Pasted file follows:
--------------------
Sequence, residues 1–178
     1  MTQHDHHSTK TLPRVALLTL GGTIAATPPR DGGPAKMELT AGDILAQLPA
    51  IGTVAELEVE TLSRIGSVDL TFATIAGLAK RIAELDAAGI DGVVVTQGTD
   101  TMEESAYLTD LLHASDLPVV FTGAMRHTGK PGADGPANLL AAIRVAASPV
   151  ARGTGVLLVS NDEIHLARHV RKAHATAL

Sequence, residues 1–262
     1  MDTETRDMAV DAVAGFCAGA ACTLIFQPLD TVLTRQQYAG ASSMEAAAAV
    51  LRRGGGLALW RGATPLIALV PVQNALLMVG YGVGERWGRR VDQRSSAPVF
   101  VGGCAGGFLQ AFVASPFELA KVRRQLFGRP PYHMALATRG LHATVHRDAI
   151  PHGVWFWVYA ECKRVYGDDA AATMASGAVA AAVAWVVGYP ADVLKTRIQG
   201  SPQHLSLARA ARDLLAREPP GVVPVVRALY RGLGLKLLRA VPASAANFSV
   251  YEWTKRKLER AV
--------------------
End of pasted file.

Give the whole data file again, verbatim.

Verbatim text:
Sequence, residues 1–178
     1  MTQHDHHSTK TLPRVALLTL GGTIAATPPR DGGPAKMELT AGDILAQLPA
    51  IGTVAELEVE TLSRIGSVDL TFATIAGLAK RIAELDAAGI DGVVVTQGTD
   101  TMEESAYLTD LLHASDLPVV FTGAMRHTGK PGADGPANLL AAIRVAASPV
   151  ARGTGVLLVS NDEIHLARHV RKAHATAL

Sequence, residues 1–262
     1  MDTETRDMAV DAVAGFCAGA ACTLIFQPLD TVLTRQQYAG ASSMEAAAAV
    51  LRRGGGLALW RGATPLIALV PVQNALLMVG YGVGERWGRR VDQRSSAPVF
   101  VGGCAGGFLQ AFVASPFELA KVRRQLFGRP PYHMALATRG LHATVHRDAI
   151  PHGVWFWVYA ECKRVYGDDA AATMASGAVA AAVAWVVGYP ADVLKTRIQG
   201  SPQHLSLARA ARDLLAREPP GVVPVVRALY RGLGLKLLRA VPASAANFSV
   251  YEWTKRKLER AV